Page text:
One of these studies looked at the effects of creatine supplementation on force production in subjects recovering from exercise. The subjects supplementing with creatine were able to produce significantly more force than the placebo group, indicating that the rate of muscle recovery was higher in the experimental group.

Another study examining marathon runners found that those who loaded with creatine prior to the race saw a decrease in several inflammatory markers compared to those who didn't.

There are a number of other studies that came to similar conclusions, but I think the message is clear. Creatine supplementation can be an effective method of aiding in muscle recovery over the course of periods of intense training or competition.

5. Creatine has been shown to improve mental performance and have a neuroprotective effect.

Told you creatine isn't just for meatheads looking to get jacked!

For a long time, creatine was thought of simply as a supplement to use in the weight room for lifting heavier and getting bigger, faster.

However, multiple studies have been emerging lately that indicate that creatine may actually help bolster your brain as well!

I mean, it makes sense. Your brain uses quite a bit of ATP to function and think properly. Creatine helps to regenerate ATP at a faster rate. Creatine is also stored in the brain. Starting to connect the dots?

By supplementing with creatine, we are essentially allowing our brain to regenerate ATP at a faster rate, allowing us to think longer and harder on more complex concepts.

As far as its neuroprotective effect, studies have indicated that creatine is likely effective in mitigating damage caused by traumatic brain injury (TBI), such as concussions.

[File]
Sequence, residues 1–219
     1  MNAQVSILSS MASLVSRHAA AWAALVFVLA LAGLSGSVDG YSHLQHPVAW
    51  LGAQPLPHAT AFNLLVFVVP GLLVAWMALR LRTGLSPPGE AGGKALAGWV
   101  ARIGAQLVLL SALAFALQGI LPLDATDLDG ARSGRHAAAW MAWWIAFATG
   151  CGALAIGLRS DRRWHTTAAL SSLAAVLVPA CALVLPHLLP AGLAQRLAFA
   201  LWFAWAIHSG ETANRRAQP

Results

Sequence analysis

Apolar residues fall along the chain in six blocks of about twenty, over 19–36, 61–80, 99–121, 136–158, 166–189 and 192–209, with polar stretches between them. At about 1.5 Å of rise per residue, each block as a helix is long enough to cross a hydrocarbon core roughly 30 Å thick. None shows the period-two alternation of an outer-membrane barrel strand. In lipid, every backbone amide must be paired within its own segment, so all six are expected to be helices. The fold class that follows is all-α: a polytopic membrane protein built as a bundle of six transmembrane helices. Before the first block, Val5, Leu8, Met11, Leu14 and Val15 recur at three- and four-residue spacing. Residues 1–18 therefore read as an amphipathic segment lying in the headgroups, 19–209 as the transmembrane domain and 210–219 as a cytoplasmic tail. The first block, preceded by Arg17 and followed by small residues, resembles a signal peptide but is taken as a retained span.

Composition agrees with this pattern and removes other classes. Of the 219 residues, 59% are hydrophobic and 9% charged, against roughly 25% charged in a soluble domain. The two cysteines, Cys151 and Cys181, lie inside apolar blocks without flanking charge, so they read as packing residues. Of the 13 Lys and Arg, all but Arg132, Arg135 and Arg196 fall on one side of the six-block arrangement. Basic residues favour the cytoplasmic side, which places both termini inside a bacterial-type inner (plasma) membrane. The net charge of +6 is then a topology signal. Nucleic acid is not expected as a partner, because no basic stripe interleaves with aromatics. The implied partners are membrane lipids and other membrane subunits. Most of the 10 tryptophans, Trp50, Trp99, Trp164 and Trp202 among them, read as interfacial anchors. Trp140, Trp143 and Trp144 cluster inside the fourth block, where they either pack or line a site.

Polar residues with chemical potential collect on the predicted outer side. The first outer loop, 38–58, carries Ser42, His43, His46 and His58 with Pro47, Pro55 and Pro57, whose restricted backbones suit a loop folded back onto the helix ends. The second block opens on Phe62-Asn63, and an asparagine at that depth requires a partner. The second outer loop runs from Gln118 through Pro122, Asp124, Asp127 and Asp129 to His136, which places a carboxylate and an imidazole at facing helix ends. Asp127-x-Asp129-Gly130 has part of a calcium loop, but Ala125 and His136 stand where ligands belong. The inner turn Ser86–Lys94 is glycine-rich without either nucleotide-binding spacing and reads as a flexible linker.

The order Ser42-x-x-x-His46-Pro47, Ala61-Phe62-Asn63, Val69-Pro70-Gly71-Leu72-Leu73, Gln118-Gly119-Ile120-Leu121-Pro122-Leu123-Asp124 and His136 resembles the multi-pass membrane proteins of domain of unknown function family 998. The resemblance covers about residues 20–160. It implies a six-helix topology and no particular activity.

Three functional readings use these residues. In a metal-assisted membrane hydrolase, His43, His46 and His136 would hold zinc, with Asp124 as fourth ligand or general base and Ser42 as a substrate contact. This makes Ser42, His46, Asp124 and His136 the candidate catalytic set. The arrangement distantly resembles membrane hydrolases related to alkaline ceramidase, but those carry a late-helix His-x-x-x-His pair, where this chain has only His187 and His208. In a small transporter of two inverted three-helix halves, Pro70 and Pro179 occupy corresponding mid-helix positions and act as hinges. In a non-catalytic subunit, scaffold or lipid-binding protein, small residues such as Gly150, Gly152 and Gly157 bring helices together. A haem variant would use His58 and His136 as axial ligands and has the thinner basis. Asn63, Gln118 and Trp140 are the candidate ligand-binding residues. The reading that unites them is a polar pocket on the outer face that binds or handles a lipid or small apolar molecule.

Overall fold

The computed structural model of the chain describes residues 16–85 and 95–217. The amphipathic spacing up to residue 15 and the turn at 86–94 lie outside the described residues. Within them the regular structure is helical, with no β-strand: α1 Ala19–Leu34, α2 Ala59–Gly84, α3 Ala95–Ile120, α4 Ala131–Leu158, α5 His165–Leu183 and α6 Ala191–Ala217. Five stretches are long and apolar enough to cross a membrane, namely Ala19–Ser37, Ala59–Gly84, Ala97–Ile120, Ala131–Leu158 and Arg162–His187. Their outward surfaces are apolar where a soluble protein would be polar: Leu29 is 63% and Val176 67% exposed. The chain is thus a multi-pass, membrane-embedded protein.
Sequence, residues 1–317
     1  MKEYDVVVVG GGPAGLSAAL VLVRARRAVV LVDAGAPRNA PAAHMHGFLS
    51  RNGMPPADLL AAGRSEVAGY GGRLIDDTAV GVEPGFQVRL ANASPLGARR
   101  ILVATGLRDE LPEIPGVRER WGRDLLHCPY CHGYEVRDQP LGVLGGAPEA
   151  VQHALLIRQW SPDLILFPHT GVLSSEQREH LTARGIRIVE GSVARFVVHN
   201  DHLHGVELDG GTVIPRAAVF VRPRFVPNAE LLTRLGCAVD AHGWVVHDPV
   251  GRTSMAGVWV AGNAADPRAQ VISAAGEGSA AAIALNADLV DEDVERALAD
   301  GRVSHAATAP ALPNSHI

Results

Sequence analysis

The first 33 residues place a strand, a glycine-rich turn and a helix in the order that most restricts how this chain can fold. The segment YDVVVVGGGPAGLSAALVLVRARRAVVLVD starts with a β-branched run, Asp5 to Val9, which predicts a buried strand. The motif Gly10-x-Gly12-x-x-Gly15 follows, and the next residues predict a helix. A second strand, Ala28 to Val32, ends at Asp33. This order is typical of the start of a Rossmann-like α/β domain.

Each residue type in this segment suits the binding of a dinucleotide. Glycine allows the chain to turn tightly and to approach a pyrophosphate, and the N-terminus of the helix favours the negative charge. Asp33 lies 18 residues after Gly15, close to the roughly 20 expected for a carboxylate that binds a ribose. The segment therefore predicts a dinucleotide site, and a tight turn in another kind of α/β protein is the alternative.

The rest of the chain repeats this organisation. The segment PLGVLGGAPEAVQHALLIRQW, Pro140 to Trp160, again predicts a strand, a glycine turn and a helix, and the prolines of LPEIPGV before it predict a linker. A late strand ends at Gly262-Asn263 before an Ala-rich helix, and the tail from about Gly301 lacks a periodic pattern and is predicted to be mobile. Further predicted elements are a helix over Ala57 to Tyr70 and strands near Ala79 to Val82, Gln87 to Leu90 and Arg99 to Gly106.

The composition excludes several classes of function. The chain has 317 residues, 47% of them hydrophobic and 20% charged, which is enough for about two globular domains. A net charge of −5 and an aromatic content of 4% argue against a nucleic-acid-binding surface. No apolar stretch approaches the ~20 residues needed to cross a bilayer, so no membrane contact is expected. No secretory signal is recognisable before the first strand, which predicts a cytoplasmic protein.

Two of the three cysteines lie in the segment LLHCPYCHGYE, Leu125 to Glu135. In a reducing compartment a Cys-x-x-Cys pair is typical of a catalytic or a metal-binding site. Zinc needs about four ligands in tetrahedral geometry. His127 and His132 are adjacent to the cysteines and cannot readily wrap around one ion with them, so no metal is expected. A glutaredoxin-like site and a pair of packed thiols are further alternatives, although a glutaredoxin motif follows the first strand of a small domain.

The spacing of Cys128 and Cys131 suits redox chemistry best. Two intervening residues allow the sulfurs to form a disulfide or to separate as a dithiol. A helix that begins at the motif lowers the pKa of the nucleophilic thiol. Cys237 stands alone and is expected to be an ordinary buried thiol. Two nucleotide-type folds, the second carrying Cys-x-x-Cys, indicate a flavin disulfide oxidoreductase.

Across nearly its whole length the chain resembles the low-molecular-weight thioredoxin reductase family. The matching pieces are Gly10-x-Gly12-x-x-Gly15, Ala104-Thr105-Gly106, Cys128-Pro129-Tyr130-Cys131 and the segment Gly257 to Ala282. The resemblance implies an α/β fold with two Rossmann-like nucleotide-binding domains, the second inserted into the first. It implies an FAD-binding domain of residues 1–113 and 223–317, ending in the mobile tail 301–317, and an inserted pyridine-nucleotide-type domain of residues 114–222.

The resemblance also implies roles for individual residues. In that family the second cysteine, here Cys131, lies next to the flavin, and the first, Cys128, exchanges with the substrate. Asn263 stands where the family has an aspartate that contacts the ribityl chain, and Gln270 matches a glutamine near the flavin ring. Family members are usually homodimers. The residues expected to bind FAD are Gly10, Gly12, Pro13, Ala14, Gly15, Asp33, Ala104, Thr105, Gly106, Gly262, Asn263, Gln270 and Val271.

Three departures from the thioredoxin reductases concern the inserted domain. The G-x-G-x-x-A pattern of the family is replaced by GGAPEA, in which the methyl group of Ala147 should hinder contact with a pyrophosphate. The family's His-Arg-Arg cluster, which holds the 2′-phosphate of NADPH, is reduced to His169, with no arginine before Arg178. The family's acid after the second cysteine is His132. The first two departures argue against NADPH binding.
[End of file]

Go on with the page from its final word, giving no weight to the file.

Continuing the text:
The reason I say "likely," is that a lot of the studies were done on rats, since it isn't quite ethical to give humans a concussion for the sake of a study...

Okay, now that we've gone over the laundry list of benefits when it comes to creatine supplementation, let's go over exactly how to use it!

How much creatine should you take per day?

As a baseline, ~5 grams of creatine per day seems to be the agreed upon amount for a typical, maintenance dose of creatine.

A recent study has emerged showing that 3g per day may be enough to elicit the benefits of creatine supplementation, however for now I recommend sticking with the tried and true dose of 5 grams of creatine per day.

To load or not to load?

A common practice in creatine supplementation is what's called "loading."

Loading with creatine is when you take a higher dose of 20g per day for 5-7 days before transitioning into a maintenance dose of 5g/day.

Why do this?

The reasoning behind this is that by loading, you will achieve the benefits of creatine supplementation faster than if you simply take 5g/day.

However, if you do elect to go with 5g/day, you will still see all the benefits of creatine supplementation, it simply takes a couple of weeks for your muscles to become fully saturated and the effects to really become tangible.

Now, I know what you're wondering.

"Why would I go with the 5g/day if it's slower?"

Valid question.

While side effects of creatine are few and far between, the loading phase is when most people will experience them.

In some people, taking too much creatine at once will upset their digestive system and cause bloating.

For those people, it is better to simply be patient and go with the maintenance dose.

It's also cheaper to start on the maintenance dose, since you won't be blowing through as much creatine as quickly.

There has been some speculation that the loading phase is simply another marketing gimmick promoted by supplementing companies in order to get people to buy more creatine.

While I would not put it past them, it is important to acknowledge the science that has shown that loading does in fact speed up muscle saturation of creatine.

So, should you load or not?

My personal preference would be to go with the lower, maintenance dose to start simply because I know I have a sensitive stomach so I like to be a bit more cautious.

However, it comes down to the individual and in the end it will elicit the same outcome.

So, there really is no need to stress about whether you should load or not!